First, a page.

If we are serious about meeting our energy and climate targets we need to make sure that the market is fully opened up to support the legions of independent project developers, or energy entrepreneurs, who can seize this opportunity and help fill the void.
The main problems with relying only on utilities to build the low-carbon solutions of the future are ones of size, speed, cost and diversity.
In the case of renewable energy such as wind, utility companies are only really interested in investing in or developing projects of a particular size to achieve an economy of scale. These are very slow to get off the ground, take a long time for any decision to be reached within the organisation, and then a long time again to get through planning, order equipment supplies and so on. Large projects also carry a significant financial risk which, especially during a recession, even the most solid of utilities are unwilling to carry.
Without a much higher price placed on carbon emissions or increased renewable subsidies, utilities argue they cannot make the investment necessary to meet renewable targets. We are already seeing large utilities deferring or even cancelling projects for this reason.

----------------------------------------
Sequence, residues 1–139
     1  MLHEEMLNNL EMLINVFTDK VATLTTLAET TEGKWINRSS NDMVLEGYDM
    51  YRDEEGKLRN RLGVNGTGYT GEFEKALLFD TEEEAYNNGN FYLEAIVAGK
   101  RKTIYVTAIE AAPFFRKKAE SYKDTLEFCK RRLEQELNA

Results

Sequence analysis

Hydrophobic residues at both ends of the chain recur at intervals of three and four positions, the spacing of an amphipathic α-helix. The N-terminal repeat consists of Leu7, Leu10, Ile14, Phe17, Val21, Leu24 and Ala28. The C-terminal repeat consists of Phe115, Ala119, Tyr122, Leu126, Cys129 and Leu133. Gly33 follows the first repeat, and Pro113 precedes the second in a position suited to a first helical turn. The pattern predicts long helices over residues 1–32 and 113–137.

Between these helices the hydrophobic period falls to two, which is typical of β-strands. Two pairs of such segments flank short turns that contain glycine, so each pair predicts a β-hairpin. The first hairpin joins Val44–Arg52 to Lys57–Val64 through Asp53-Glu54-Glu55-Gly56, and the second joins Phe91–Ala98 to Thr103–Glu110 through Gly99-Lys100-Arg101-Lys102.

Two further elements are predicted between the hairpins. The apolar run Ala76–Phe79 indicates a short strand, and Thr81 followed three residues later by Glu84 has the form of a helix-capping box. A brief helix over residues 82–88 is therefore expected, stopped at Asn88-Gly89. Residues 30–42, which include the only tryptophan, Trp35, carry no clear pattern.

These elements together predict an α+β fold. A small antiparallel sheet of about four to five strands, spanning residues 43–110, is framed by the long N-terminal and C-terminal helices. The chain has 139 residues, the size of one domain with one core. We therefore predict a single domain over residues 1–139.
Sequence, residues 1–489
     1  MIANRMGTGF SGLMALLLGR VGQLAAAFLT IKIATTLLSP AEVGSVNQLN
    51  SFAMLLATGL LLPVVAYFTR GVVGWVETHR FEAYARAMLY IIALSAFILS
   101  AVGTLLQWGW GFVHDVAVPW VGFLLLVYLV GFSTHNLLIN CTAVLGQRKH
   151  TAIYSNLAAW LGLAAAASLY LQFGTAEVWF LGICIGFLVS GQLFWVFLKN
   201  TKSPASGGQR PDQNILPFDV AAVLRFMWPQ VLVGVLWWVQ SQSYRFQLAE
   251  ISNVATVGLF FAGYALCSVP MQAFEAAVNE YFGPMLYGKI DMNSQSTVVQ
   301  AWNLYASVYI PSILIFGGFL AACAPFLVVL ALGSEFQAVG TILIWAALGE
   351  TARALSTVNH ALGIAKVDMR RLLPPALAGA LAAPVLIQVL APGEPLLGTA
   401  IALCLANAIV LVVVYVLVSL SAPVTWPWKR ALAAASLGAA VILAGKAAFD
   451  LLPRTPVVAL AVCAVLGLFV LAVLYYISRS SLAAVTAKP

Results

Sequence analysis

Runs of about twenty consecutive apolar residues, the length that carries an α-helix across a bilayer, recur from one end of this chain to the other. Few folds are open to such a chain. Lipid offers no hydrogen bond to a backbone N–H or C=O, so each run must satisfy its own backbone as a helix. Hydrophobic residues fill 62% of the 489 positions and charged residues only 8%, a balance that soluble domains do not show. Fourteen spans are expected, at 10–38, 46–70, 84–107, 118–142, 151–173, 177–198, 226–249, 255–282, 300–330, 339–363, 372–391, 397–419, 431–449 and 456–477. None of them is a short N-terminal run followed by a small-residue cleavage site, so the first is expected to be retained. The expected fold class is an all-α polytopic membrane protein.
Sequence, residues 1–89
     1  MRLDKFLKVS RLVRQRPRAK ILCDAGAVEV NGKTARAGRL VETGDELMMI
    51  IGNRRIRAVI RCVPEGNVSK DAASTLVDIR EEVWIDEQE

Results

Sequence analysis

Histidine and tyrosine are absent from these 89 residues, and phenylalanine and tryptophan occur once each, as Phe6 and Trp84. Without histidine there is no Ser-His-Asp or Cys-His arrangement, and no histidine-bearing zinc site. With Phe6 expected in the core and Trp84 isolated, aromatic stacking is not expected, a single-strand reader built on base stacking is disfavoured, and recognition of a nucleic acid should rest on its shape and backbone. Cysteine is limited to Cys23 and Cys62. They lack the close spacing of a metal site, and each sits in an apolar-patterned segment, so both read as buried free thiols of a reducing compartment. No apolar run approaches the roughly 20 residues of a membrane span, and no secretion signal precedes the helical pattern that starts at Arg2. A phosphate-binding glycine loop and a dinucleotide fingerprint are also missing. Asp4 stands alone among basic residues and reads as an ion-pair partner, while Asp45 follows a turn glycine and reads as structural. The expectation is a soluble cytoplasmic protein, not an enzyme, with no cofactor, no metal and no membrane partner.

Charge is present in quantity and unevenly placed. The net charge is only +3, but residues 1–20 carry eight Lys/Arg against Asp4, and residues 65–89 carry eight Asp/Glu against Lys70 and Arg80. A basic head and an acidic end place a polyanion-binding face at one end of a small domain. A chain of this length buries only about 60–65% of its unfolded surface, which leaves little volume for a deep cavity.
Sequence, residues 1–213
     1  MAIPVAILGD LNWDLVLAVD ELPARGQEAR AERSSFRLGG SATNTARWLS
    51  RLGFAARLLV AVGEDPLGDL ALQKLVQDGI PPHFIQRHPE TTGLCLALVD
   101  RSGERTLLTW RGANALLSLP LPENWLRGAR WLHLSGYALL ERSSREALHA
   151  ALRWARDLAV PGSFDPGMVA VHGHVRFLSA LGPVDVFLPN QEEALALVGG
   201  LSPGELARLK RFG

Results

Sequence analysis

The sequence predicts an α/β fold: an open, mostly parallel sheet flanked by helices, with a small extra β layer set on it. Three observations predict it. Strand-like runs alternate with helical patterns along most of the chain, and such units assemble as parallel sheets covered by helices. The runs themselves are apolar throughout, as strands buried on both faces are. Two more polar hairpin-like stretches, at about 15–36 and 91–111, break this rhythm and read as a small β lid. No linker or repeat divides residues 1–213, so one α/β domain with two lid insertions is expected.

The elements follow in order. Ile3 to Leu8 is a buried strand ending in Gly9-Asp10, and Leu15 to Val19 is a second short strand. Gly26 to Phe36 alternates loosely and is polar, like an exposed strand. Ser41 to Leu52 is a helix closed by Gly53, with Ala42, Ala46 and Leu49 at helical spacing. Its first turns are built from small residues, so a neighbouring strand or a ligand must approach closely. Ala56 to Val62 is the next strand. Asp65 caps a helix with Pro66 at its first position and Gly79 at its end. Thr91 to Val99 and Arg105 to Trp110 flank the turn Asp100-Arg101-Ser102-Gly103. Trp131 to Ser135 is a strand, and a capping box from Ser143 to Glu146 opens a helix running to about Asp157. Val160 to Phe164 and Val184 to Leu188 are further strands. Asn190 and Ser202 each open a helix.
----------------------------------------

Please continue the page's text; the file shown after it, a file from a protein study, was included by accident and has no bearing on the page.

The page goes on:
By contrast, the independent developers are mostly focused on smaller projects, with lower financial risks, which are quicker to get through planning and buy the necessary equipment for. Each project may be smaller in output, but with a far higher number of potential developers, the aggregate results can plug a vital gap in our energy supplies – and do so far quicker than any company could build a nuclear power station.
This brings us to the final point about the independent sector: diversity. Over the past year alone we have signed Power Purchase Agreements (PPAs) with developers covering wind, anaerobic digestion on agricultural sites, energy from waste, and small hydro, as well as corporate developers building on-site renewables.
Each one of these project developers acts as an entrepreneur or small business outfit, generating not just electricity, but income and jobs too. They are a multiplier in the wider economy, helping to address two of the crises of our current age: recession and climate change.
This decentralised model has the potential to grow exponentially if the UK corporate sector is given the right incentives and motivation to invest in their own generation capacity. While the government talks of providing these incentives, in reality policy and approach is still focused on the large utilities and centralised solutions, as the current push for nuclear shows.
Larger utilities have dictated and monopolised the debate over energy policy for too long. No single company, developer or sector can tackle this energy gap alone. It will take a variety of solutions, including nuclear, from a variety of outlets.
But to accelerate the decentralisation and decarbonisation of our energy supply, we will have to accelerate the decentralisation of ownership and generation first.
• Jo Butlin is vice president of SmartestEnergy, a purchaser and supplier of electricity generated from renewable sources